Compare homeschool to other methods of education

My Perspective on The Different Models of Education Available in Pennsylvania

My oldest child graduated from the local public high school in 2016. Not many kids can say they experienced just about every imaginable type of school. She attended pre-K at the local Catholic school. She was homeschooled from Kindergarten through 7th grade. She attended a charter school where she studied media arts for 8th and 9th grade. She enrolled in cyber school for 10th grade and she spent her junior and senior years at the local public school.

My other children have also experienced the various forms of education available to Pennsyvlania residents.

Each education model had a few benefits at the time. Pre-K was pretty much a waste of the effort to get there but the teacher became a good friend and I was glad for Hannah to get to know her and vice-versa.

I’ll discuss my impressions of each model.

Performing Arts Charter School

Both daughters attended the performing arts charter school at different times.

Lincoln Park Performing Arts Charter School is located in Midland (about 25 miles west of Pittsburgh). The junior-senior high school is a unique place and accommodates students with talents in theater, music, visual arts, writing, singing and dance, among other things. The teachers and a majority of the students have a terrific positive energy, incredible talent and the resources available for the arts is impressive.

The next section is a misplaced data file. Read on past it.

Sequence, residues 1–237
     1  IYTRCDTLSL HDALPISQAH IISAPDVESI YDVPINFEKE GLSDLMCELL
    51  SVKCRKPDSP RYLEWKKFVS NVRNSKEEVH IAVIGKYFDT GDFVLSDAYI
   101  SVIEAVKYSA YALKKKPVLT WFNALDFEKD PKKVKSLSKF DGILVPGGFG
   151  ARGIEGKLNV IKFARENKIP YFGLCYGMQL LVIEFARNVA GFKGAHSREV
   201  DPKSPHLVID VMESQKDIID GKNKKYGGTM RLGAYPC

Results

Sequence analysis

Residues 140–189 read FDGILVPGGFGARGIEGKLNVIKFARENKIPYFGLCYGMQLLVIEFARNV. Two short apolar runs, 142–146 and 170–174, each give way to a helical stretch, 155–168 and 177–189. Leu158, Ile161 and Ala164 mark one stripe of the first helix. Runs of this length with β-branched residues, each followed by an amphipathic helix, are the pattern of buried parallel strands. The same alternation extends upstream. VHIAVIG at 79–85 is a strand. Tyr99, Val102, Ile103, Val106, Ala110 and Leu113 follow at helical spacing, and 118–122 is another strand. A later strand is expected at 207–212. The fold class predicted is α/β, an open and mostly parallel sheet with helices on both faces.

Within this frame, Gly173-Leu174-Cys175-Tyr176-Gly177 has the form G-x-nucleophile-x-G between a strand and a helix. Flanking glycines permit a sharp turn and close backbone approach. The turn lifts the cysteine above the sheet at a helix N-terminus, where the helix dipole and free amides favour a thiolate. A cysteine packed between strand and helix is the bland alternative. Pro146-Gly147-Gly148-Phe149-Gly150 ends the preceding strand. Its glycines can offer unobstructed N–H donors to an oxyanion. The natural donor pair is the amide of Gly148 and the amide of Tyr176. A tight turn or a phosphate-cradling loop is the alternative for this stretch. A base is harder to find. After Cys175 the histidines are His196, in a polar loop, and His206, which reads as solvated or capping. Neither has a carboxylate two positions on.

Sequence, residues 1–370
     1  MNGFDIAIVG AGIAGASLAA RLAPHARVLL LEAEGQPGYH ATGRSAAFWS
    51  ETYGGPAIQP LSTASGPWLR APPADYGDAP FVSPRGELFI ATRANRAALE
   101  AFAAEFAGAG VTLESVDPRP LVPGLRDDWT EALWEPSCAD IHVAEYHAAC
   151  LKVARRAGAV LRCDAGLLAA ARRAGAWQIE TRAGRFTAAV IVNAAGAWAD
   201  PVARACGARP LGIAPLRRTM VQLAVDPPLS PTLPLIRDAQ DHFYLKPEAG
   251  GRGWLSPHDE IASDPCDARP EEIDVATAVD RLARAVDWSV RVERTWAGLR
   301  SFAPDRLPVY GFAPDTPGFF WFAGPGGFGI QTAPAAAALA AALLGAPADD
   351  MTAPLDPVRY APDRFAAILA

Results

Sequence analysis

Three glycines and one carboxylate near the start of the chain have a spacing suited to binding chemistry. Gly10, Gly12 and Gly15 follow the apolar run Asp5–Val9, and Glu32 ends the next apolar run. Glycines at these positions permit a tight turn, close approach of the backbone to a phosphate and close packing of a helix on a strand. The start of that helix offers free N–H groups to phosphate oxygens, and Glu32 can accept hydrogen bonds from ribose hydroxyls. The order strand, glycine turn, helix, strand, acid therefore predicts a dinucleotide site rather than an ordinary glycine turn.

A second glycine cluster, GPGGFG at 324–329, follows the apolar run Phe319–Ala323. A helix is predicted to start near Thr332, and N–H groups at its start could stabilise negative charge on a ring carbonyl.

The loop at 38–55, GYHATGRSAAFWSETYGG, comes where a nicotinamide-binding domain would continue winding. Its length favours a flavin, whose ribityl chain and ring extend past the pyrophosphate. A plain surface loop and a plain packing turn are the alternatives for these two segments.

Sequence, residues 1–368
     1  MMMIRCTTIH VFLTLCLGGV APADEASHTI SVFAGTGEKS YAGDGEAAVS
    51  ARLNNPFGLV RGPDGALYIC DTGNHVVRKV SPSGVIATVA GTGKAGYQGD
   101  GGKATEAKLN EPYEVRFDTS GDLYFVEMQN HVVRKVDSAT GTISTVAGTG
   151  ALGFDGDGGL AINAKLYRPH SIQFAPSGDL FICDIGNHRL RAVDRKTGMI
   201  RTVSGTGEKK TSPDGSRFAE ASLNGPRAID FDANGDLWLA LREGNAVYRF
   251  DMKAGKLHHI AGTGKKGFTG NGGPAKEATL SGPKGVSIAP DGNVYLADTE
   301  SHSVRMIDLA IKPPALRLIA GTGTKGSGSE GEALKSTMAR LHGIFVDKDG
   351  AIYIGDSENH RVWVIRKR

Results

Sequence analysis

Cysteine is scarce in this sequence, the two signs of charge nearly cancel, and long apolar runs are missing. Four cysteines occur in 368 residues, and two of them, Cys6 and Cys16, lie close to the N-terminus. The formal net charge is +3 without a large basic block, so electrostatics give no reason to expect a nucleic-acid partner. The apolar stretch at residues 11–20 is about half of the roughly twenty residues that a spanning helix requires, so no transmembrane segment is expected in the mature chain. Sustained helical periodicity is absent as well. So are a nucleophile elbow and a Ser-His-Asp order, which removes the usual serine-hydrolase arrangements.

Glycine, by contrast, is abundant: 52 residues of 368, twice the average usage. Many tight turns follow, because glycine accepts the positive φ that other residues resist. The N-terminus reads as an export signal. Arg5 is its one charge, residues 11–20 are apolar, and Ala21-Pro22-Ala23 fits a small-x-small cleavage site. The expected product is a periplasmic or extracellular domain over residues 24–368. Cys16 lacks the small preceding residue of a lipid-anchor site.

The three-hour commute (LP pays for busing from regional hubs) was bearable but the extra long day (10.5 hours door-to-door) left little time for much else. Hannah still regrets not graduating from that school but she doesn’t regret recapturing her time after she withdrew.

The academic work was challenging and they really accommodated the arts with block scheduling. I honestly don’t know why all schools don’t try block scheduling (4 90 minute classes during the day plus a 30 min lunch) rather than cramming 7 or 8 periods into every day.

So, overall, my daughters’ experience at the charter school was positive. Had the school been 10-15 miles closer, it would have been a game-changer. It really makes me wonder why a specialized curriculum can’t be available to every child. [Oh yeah, it is with homeschooling ­čśë ]

Cyber School

Our family has experience with Pa Cyber and PA Leadership Charter School.

All of my children wanted to try public school around junior high but three of them lacked confidence in their academic skills and thought cyber would give them a feel for public school work before they were in a very public place. It turns out that all of them are excellent students and handled the work just fine.

Cyber school gave them a good feel for the assignments, pace and format that would be expected in public school. It also gave them a taste of the passionless paper churning and unnecessary assessments that dominate the public school landscape today.

Cyber was effective for flexibility and obtaining required credits but it was mind-numbing, busy work for the most part. I wouldn’t recommend cyber school for young elementary children. I think the technology is challenging for young students to navigate on their own and the volume of work isn’t necessary for that level. (To be honest, I don’t think the volume of work given to older students is necessary or valuable-except to make teachers and administrators believe that they’re accomplishing something).